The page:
Welfare Benefit Plan ERISA News
November 2010

 
Heads Up!
Employers often charge their executives less for their health insurance than other employees pay. For plan years starting on or after September 23, 2010, the IRS can impose draconian penalties on those employers - an excise tax of $100 per day for each non-highly compensated employee. An employer with 100 employees, 5 of which are executives, that subsidizes its executives' premiums more than other employees, may be subject to a penalty of $9,500 per day. Additionally, employers must self-report violations on Form 8928. Under ERISA, a participant can sue to enforce the law, leaving an employer facing a lawsuit in addition to the excise tax for discriminating, plus penalties and interest for not turning itself in. Sources: IRS Notice 2010-63, US Code Section 4980D, PPACA ยง 2716 (download).
One-Year Reprieve
Employers were required to begin reporting the cost of employer-sponsored group health plans on their employees' Form W-2 for the tax year 2011. However, the Treasury Department and the IRS have decided to postpone this reporting requirement until 2012 because employers needed additional time to make changes to their payroll systems and procedures. The IRS noted that the W-2 reporting requirement is only for informational purposes, and the amounts that are reported will not be taxable. However, starting in 2018, a 40% excise tax will be imposed on health insurance premiums that exceed a certain amount (the so-called Cadillac plans). The government anticipates further guidance on implementation of this new reporting requirement before the end of this year. Source: U.S. DOL FAQs  
Update on Grandfathering
Last month, we featured an article on obtaining and maintaining grandfathered status for employer sponsored group health plans. In an updated set of frequently asked questions, regulators clarified that the grandfathered plan analysis applies on a plan-by-plan basis. In other words, if an employer sponsors an HMO, a PPO, and a POS, a design change that causes the loss of grandfathered status to one of the plans will not affect the status of the other two plans. Additionally, under previous guidance, the government said that changing carriers for an insured health care plan would automatically trigger the loss of grandfathered status. However, regulators are now considering the circumstances under which employers may change insurance carriers without plans losing grandfathered status. Source: Business Insurance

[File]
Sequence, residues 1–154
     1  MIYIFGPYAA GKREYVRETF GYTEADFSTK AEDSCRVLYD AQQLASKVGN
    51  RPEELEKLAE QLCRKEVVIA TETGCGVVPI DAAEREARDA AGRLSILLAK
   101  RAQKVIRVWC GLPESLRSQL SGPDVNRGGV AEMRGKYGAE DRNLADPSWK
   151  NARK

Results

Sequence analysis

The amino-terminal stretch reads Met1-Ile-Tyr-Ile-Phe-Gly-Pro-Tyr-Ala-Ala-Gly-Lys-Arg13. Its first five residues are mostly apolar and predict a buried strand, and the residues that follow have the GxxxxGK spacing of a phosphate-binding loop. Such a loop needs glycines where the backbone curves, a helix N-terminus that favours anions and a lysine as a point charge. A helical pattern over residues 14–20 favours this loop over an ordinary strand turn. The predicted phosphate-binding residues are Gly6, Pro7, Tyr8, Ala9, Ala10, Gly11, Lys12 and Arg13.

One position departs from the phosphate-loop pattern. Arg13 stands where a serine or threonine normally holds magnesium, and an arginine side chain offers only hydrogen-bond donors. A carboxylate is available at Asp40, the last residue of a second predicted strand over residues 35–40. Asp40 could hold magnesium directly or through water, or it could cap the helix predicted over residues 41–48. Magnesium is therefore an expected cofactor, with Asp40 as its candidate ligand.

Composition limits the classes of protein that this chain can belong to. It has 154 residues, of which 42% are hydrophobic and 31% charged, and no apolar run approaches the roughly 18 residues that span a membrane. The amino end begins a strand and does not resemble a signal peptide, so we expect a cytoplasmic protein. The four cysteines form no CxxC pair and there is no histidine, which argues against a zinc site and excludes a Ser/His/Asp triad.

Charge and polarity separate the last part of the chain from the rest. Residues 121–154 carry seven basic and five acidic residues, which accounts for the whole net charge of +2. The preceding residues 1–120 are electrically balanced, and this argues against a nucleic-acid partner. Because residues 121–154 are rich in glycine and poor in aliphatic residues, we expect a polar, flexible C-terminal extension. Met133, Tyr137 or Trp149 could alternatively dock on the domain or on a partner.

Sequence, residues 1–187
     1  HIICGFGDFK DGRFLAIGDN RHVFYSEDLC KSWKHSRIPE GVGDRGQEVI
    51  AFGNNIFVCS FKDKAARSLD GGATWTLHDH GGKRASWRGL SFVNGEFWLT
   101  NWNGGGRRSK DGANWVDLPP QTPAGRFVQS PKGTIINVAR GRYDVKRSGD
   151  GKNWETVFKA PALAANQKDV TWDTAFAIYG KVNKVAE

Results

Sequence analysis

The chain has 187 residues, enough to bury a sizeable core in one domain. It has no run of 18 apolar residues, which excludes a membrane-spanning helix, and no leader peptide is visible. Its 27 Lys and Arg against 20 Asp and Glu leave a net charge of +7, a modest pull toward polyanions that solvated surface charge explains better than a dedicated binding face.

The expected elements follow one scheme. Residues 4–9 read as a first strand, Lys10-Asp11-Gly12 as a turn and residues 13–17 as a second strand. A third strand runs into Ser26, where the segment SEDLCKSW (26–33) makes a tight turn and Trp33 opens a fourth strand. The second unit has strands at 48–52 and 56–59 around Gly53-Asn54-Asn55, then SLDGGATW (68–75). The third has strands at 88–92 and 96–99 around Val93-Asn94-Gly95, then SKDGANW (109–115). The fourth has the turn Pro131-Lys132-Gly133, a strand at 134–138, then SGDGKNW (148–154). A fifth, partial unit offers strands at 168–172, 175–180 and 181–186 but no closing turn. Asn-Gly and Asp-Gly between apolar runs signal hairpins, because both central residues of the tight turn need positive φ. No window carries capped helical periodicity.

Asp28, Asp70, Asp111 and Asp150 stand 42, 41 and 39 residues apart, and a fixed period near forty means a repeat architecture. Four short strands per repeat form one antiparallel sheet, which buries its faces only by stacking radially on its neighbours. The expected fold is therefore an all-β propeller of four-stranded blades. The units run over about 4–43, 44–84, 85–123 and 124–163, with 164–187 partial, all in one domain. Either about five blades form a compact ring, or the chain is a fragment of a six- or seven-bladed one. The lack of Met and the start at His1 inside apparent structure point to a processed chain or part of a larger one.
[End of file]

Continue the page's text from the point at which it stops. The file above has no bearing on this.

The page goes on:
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"How ERISA Will Affect Your Group Insurance Clients in 2010"
 
 
© 2017 ERISAPros, LLC, All rights reserved. Information on ERISAPros' website, its newsletter, “News & Views,” and its blog, “ERISA Wonk,” is published as a general informational source. Information and articles are general in nature and are not intended to constitute legal or tax advice in any particular matter. Blog posts and comments reflect the personal views of their respective authors - not those of ERISAPros. Transmission of this information does not create an attorney-client relationship. ERISAPros, LLC is not a law firm and is not giving legal or tax advice. It does not warrant and is not responsible for errors or omissions in the content on its website or in its newsletters. ERISA is a complicated and confusing law. Summary Plan Descriptions (SPDs), Wrap Plan Documents, and Form 5500s require review and updating by qualified ERISA compliance professionals.

 

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